Sunday, August 7, 2011

Walking and Drinking Beer on New York’s High Line

With hip new beer gardens on either end and two of the city’s best outdoor bars in-between, the High Line is one of the best places to walk and drink beer in New York City.

This new, one-of-a-kind park, offers a zen-like paradise of trees and flowers, high above the noise and chaos of the city. It’s great people-watching, great beer, and a rare New York opportunity to stretch your legs without stoplights.
For 30 years, the High Line was an ugly, rusting, eyesore -- an abandoned elevated railway that ran along Manhattan’s West Side from 34th Street south to the Meatpacking District. It had been built in the 1930s to take dangerous freight trains off the streets.

The elevated railway made it possible to carry trainloads of milk, meat and produce to warehouse loading docks that were built 30 feet above the busy streets below. But over the years, trucking became the main way of bringing in goods and use of the elevated railway declined. The last train to rumble down the overhead tracks was three carloads of frozen turkeys in 1980.

Abandoned, the rails were soon covered with wild weeds and flowers and urban renewal called for the whole crumbling line to be demolished.

Enter the Friends of the High Line. Formed in 1999 by community residents, the group had the vision to imagine the High Line as a unique park. That dream was finally realized when the first section from 20th Street to Gansevoort Street opened in June 2009, followed by a second section that extended north to West 30th Street and opened in June 2011. Total cost: $153 million.

Today, the High Line is a thin, narrow ribbon of a park, 40 to 50 feet wide, with more than 200 species of grasses, flowers and trees that meanders for 1.5 miles through New York, 30-feet in the air.

Walking the High Line offers a unique view of the city. Unlike New York’s other elevated railways that ran directly above a street, the High Line was designed to run down the center of the block, going right smack through the middle of buildings.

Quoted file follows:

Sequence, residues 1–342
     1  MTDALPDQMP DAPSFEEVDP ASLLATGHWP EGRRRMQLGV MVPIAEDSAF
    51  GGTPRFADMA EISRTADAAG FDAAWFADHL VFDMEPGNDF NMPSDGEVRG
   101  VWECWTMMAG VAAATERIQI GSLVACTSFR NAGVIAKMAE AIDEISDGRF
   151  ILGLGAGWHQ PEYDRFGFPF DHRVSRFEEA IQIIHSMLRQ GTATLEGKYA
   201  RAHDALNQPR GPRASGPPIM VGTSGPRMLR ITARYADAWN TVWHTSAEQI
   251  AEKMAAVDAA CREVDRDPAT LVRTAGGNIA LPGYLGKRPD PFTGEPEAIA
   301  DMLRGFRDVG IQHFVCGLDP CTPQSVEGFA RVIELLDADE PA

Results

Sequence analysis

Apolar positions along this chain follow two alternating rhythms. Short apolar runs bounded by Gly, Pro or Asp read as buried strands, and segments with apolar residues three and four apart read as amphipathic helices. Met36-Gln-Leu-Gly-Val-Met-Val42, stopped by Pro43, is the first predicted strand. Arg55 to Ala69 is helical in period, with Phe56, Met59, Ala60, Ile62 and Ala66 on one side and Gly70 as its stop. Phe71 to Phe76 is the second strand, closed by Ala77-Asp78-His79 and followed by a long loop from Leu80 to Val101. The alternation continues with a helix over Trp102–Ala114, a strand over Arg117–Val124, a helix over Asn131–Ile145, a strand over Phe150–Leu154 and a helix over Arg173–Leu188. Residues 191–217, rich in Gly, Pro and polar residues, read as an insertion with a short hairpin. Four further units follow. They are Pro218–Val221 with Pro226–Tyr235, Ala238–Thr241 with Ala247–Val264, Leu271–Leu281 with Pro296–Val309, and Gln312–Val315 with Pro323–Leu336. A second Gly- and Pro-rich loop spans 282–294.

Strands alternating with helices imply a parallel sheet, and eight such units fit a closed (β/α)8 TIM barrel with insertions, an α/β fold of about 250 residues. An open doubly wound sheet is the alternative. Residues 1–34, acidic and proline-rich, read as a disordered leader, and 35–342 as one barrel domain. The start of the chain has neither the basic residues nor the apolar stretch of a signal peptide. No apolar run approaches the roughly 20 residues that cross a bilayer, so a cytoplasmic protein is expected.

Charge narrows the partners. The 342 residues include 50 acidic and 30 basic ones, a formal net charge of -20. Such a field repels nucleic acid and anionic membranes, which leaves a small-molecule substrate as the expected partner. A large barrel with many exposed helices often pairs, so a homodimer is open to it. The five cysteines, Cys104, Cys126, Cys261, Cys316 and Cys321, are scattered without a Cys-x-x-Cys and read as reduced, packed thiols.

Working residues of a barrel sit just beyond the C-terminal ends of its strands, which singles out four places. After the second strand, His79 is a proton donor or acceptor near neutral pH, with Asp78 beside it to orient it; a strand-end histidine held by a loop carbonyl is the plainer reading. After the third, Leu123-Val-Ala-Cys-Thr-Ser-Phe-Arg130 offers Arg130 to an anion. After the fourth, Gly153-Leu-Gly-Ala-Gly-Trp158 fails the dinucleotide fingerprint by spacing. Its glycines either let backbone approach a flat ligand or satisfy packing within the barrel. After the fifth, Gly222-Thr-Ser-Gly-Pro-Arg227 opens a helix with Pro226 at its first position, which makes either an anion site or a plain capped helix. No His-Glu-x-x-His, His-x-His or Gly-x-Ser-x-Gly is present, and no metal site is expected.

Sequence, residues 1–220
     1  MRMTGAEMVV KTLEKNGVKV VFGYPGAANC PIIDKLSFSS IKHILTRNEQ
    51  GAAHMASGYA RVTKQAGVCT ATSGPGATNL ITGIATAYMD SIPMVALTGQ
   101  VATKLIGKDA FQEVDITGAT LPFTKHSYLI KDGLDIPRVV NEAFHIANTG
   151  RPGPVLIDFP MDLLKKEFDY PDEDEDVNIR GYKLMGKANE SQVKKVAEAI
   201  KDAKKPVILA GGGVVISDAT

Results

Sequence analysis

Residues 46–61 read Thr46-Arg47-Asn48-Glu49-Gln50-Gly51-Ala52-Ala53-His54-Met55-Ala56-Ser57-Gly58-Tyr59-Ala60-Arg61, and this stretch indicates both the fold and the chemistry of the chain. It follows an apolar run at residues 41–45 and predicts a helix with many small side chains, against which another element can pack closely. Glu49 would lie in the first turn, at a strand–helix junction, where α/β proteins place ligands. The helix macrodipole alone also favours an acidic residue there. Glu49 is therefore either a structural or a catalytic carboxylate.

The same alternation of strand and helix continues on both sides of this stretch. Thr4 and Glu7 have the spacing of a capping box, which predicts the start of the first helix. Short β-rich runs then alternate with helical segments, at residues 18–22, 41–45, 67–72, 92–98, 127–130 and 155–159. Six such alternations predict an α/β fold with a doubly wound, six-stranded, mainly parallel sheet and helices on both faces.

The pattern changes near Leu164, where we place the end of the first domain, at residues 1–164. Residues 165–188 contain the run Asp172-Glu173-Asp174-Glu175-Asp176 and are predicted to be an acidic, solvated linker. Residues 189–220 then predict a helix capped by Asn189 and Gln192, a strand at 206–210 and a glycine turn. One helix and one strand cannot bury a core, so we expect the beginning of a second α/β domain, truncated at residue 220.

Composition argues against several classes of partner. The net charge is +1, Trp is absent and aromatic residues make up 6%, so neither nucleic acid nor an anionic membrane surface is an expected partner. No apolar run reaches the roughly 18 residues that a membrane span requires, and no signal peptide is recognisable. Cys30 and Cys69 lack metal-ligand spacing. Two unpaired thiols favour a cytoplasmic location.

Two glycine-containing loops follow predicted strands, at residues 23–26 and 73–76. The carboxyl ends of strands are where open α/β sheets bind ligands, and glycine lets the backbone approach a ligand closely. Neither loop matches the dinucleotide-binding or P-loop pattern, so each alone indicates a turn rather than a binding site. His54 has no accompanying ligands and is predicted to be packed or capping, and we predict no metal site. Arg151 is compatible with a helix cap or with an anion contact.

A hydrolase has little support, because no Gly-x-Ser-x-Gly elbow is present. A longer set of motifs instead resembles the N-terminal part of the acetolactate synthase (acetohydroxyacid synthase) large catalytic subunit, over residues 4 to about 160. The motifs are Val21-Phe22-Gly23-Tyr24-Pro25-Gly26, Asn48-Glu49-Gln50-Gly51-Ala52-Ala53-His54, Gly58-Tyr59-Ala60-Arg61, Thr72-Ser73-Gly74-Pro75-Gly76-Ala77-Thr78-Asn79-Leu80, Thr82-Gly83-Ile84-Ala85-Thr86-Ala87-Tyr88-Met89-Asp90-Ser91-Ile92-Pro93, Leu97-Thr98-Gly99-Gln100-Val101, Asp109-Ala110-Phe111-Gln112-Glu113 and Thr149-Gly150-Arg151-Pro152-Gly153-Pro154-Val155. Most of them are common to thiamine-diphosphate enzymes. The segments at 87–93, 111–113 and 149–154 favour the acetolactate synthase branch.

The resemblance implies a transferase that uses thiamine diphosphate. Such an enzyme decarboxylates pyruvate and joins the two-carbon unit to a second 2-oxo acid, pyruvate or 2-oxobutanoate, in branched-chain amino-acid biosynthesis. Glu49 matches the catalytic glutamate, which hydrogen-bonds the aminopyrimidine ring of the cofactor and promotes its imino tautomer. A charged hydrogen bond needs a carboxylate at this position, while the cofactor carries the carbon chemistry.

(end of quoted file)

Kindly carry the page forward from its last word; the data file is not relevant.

Along the way there are views of the Statue of Liberty and the Empire State Building, as well of the trendy Meatpacking District, where you now look down on old warehouses are today filled with chic clubs and outdoor restaurants. But it’s the strange feeling of floating in a garden high above the city that makes the High Line such a trip. A few beers doesn’t hurt.

Meatpacking Distrist
Grab your first one at the Lot at 30th, an outdoor beer garden built under the railway at 10th Ave. and West 30th. There’s a food truck roundup with a half dozen trucks selling tapas and tacos, while Colicchio & Sons has an outdoor bar with local NY beers and wines. Try the High Line Elevated Wheat from Brooklyn Brewery.

There are big long tables to share your food and drink with local New Yorkers.Then climb three stories and get on the High Line as it makes a long slow curve heading south.

A walk on the High Line is meant to be a slow stroll, taking time to enjoy nature. Bikes and rollerblades are forbidden. There are plenty of sleek wooden benches along the way for sitting and sunning and there’s even a section of lawns. At night (the park stays open until 11 p.m.) the walkways are illuminated, creating eerie scenes as they cut through, under and between modern buildings.

The northern section is the prettiest. Called the Chelsea Grasslands, it’s a meandering path through small fields of colorful flowers and grasses. Here and there, the outline of the original tracks have been left, or worked into the pattern of the pathway.

The Diller- von Furstenberg Sundeck between 14th and 15th Streets has comfortable wood deckchairs and benches surrounded by wildflowers, fountains and sumac trees. It’s a perfect place to relax and people-watch, as a steady stream of New Yorkers stroll by.